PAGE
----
Limey Beef Tartare with Red Chile

Carne Apache
If you’ve never had carne apache before, you can think of it as beef tartare meats ceviche. In other words, it’s a chopped raw beef dish—as classic steak tartare is—seasoned with just what you’d expect in a ceviche: lime, chile, tomato, onion and cilantro. And just like a classic ceviche, most cooks let the mixture marinade until the meat takes on “cooked” texture. I personally like texture best just a couple of minutes after everything is stirred together, more like the traditional tartare texture. This is typically bar food and seasoned highly with green chile. Because lime juice quickly turns meat gray, I prefer to replace green jalapeños with their dried red counterpart—chipotles—which keeps the preparation beautiful red. Plus the smokiness of chipotles is delicious here.


  • 1pound best-quality tender beef—tenderloin, ribeye, New York strip, sirloin
  • 2/3cup fresh lime juice
  • 3 to 5 canned chipotle chiles en adobo
  • 1/2 small red onion, cut into ¼-inch pieces (about 1/2 cup)
  • 1medium ripe tomato, cut into ¼-inch pieces (about 1 cup)
  • 1/2cup loosely packed chopped fresh cilantro, plus leaves for garnish
  • 1 ripe avocado, cut in half, pit removed, fleshed scooped from skin and cut into ¼-inch pieces
  • Tortilla chips for serving


Chop the beef.  Cut the beef into 1-inch pieces.  Cover a rimmed baking sheet with a silicon mat or parchment paper and spread out the meat in a single layer.  Freeze until very firm, but not frozen all the way through, about 45 minutes.  With a meat grinder fitted with the coarse blade or in batches in a food processor, chop the beef (I like pieces that are a little smaller than ¼ inch).  Scoop into a bowl.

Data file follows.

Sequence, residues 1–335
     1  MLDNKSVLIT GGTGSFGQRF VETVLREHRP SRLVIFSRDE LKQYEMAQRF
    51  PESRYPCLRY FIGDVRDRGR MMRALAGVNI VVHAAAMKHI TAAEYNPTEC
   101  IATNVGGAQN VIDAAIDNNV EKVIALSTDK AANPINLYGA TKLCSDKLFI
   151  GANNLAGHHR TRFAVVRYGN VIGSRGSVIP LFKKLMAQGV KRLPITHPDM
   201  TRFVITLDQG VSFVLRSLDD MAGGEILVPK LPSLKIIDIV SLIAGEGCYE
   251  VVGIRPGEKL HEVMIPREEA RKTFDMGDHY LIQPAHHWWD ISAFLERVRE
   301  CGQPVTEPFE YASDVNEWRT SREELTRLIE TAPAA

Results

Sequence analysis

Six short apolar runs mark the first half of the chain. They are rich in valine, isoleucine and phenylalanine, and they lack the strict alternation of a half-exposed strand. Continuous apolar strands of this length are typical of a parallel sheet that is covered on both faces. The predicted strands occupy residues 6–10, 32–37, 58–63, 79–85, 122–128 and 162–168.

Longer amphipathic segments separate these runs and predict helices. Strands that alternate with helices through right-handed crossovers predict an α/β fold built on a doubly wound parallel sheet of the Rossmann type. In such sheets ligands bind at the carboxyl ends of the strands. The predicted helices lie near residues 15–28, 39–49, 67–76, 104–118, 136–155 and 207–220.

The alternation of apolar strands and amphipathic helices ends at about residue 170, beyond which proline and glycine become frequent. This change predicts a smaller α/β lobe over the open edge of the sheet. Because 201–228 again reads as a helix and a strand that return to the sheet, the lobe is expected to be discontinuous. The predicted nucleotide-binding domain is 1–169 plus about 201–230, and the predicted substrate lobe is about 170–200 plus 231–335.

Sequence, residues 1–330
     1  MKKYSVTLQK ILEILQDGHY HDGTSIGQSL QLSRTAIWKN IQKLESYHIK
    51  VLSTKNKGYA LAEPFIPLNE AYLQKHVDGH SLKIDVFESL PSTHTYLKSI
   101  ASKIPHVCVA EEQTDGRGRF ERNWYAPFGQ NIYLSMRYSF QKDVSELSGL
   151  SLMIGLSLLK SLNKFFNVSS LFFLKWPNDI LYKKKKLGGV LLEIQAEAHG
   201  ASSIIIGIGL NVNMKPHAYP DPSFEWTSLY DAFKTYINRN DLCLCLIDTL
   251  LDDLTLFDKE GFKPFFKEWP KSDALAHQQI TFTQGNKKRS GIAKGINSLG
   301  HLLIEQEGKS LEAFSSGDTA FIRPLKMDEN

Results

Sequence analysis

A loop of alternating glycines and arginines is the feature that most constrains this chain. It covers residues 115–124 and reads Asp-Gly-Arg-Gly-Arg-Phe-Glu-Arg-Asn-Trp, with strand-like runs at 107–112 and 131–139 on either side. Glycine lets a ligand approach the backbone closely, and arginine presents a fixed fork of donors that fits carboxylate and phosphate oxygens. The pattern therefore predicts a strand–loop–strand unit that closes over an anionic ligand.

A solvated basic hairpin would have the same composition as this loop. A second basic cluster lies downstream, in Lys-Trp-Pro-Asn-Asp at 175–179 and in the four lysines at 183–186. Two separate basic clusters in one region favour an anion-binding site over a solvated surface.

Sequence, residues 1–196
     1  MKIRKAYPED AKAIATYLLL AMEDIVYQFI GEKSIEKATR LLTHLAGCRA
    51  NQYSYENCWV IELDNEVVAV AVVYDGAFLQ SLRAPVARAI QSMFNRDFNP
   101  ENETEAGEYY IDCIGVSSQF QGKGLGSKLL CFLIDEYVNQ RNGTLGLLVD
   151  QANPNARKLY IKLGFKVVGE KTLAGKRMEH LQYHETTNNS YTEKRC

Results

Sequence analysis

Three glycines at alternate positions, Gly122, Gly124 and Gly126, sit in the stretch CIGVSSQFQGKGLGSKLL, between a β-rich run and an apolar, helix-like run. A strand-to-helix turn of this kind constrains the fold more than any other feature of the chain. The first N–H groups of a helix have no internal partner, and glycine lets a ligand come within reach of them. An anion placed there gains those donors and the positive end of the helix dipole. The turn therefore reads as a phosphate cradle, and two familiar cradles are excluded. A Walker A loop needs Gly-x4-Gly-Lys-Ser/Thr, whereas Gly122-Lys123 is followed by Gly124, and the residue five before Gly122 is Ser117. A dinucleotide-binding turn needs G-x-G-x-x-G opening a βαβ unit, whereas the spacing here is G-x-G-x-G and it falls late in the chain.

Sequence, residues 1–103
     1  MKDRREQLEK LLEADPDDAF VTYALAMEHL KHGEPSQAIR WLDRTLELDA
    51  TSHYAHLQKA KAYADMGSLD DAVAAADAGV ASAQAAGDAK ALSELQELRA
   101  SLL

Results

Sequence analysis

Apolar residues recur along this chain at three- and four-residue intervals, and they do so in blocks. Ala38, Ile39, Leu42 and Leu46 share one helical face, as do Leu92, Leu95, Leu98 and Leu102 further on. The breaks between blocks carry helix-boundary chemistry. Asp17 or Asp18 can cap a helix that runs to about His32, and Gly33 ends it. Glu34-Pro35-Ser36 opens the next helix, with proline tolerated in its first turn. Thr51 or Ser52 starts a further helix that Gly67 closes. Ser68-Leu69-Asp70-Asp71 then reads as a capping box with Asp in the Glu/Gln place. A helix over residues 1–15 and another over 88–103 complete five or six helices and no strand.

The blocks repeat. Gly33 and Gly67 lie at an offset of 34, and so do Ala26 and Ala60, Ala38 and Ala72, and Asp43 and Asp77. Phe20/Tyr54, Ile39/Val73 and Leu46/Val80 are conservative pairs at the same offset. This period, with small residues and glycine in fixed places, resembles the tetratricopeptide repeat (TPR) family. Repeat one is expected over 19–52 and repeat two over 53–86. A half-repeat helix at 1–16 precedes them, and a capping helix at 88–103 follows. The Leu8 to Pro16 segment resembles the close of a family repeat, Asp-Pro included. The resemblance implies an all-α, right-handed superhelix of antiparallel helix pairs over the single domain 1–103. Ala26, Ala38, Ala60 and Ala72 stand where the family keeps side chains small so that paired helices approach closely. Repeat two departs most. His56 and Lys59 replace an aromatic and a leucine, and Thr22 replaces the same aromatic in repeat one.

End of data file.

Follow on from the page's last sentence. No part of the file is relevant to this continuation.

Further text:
Finish the carne apache.   In a blender or food processor, combine the lime juice and chiles.  Process until smooth and stir into the beef.  If you want the meat to be lime-cured (like ceviche), cover and refrigerate for an hour or so; for a traditional tartare texture, continue on.  Scoop the onion into a strainer, rinse under cold water, shake to remove excess water, then add to the bowl, along with the tomato and cilantro.  Gently fold in the avocado.  Taste and season with salt, usually about 1 1/2 teaspoons. Serve piled on crispy tortilla chips, or molded on a plate or in a small bowl or glass with chips on the side.  However you serve your carne apache, cilantro leaves make a nice garnish.

Leave a Reply

Your email address will not be published. Required fields are marked *